Over the past year, I've spent more days with Hillary Clinton than I have with my roommate in New York City. As Hillary Clinton's video producer, I've filmed her one-on-one in tiny rooms, at large rallies surrounded by thousands of supporters and in the unplanned moments that most people don't get to see.
If I had to sum it up: This is an extraordinary journey punctuated with many ordinary moments.
I operate a camera every day, so bear with me while I use this analogy: I spend most of my days zoomed in, focusing on the regular moments that I've come to cherish. Our traveling "family" mulls over each event at the end of the day, shares snacks and jokes on long car rides, and can never seem to get the temperature in the van quite right. But when I zoom out on my life, I see history being made, and I realize how much I'm personally learning and growing. I'm a young woman myself, and Hillary Clinton has shown me everything from how cool it is to care about policy to the limits I can — and should — push myself to achieve my goals.
No two days are ever the same, but here's a look at life on the campaign trail through the ordinary moments that led up to Tuesday night's historic event.
7:30 a.m. — Wake up and get ready for the day
Most importantly, I need to make sure my I have all my gear. I usually walk around with a small IT closet packed in my bag (and some snacks).
**Yes, this is an ironing board.
8:00 a.m. — Check Twitter
I never know what day it is; it's hard to keep track on the road. I only realize it's Monday when I see a flood of Game of Thrones tweets. Guess I'll have to stay off of Twitter today until I watch!
9:00 a.m. — Touch base with HQ
Another (awesome) part of my job is shooting Snapchat stories from the road. I work closely with a colleague at the campaign's Brooklyn headquarters who also produces stories from there.
We had a special guest taking over the account from another part of California on this day, so we both had a day off from that. (Shameless promotion: Follow us at hillaryclinton!)
11:00 a.m. — Head to the first event
The staff van becomes our home for the day and I plant myself next to a window seat. It’s also a cupholder seat, but I try to keep that trick to myself...
Being off Snapchat duty, I had time for a quick selfie with one of the many incredible woman at Hillary for America — Buffy Wicks, California state director.
11:30 a.m. — Arrive at a community center in Compton
We call this type of event an "OTR," which stands for "off the record." These are campaign stops that are unannounced. So folks at the community center were surprised when a special guest walked in. Everywhere we go, we meet amazing people who share memories and stories with Hillary. This stop was no exception.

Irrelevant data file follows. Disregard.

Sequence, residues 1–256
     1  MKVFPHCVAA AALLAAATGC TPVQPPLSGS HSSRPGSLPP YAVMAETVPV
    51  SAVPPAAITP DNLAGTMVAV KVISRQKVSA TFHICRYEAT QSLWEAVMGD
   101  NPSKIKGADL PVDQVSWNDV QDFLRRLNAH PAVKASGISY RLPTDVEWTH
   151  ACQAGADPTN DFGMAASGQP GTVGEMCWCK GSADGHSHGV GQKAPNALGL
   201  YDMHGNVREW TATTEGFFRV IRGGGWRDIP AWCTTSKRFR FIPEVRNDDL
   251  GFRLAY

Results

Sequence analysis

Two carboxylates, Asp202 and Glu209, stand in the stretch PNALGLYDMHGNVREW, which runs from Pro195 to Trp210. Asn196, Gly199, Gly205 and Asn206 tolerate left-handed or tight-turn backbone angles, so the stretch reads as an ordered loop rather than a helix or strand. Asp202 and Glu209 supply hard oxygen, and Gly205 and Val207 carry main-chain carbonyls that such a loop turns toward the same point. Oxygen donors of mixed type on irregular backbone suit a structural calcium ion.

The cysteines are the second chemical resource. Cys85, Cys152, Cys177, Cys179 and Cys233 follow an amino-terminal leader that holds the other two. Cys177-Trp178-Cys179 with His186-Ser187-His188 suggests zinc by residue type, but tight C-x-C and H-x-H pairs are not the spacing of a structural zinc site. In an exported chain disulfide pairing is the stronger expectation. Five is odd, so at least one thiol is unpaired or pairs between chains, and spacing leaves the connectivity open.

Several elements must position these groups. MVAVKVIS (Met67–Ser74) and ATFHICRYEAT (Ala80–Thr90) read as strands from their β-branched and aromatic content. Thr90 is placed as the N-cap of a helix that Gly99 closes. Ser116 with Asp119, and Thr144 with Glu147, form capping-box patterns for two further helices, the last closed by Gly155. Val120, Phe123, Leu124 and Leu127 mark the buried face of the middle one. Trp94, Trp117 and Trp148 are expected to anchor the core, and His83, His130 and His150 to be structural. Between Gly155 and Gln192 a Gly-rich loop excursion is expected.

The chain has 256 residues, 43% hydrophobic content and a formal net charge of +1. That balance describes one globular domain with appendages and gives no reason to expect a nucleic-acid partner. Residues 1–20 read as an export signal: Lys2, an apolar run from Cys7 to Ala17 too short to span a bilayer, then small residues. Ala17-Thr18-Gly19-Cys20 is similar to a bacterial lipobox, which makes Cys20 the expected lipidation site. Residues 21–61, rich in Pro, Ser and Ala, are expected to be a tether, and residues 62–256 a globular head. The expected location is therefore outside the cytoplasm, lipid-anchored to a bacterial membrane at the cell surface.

"Gotta have a picture with a Dodgers fan!" – Hillary
12:00 p.m. — Lunch at Hawkins House of Burgers
Around noon, we had some time for a quick stop for lunch at a famous burger place in Watts, California. Hillary was eager to get a bacon cheeseburger, but first met two adorable girls. One of them was wearing purple glasses.
Hillary told her that her first pair of glasses was purple, too, and that she still thinks about them.
1:00 p.m. — Rally in Lynwood
While Hillary was finishing a phone interview, we found a good spot to cheese it up.
Eventually, I got to work.
4:00 p.m. — Rally in South Los Angeles
At the Leimert Park Village Plaza, we met up with Sybrina Fulton (mother of Trayvon Martin), Gwen Carr (mother of Eric Garner) and Wanda Johnson (mother of Oscar Grant). Over the course of the campaign, Hillary has formed a special bond with mothers who've lost their children to gun violence and police incidents.
In these moments, I'm reminded again of the kind of leader Hillary Clinton is: One that takes her spotlight and shines it on those often left out and left behind. Having the Mothers of the Movement join us on the campaign trail has been really inspiring for all of us.
8:00 p.m. — She's With Us Concert
Our final event of the day is a star-studded concert featuring performances by Andra Day, Ricky Martin, John Legend, Christina Aguilera, and a special surprise — Stevie Wonder.
The concert was nothing short of amazing, but what was really special was hearing the artists speak. Each of them is deeply passionate about causes from criminal justice reform to immigration to climate change, and used the stage to call attention to these issues.
11:30 p.m. — Travel back to New York
When I got off our red eye flight back to New York, I thanked Hillary. She told me to get some rest — which I faithfully obliged.
1:00 p.m. — Head to Primary night rally
After a few hours in my neglected New York City apartment, I headed out to our Primary night rally at the Brooklyn Navy Yard.
I got there early enough to watch the space transform from an empty warehouse into the setting that will be forever remembered as the place the first woman became the presumptive nominee for president for a major political party in America.
"It may be hard to see tonight, but we are all standing under a glass ceiling right now. [Cheers.] But don't worry, we're not smashing this one," Hillary said. "Thanks to you, we've reached a milestone — the first time in our nation's history that a woman will be a major party's nominee for president of the United States."
There's nothing like a historic milestone to make you stop and reflect. Today, I'm doing something Hillary talks about — and lives — all the time: "practicing the discipline of gratitude." While we have a long way to go, I'm deeply grateful to be on this journey with a badass group of people trying to make something good happen.
Images: Barbara Kinney for Hillary For America (7)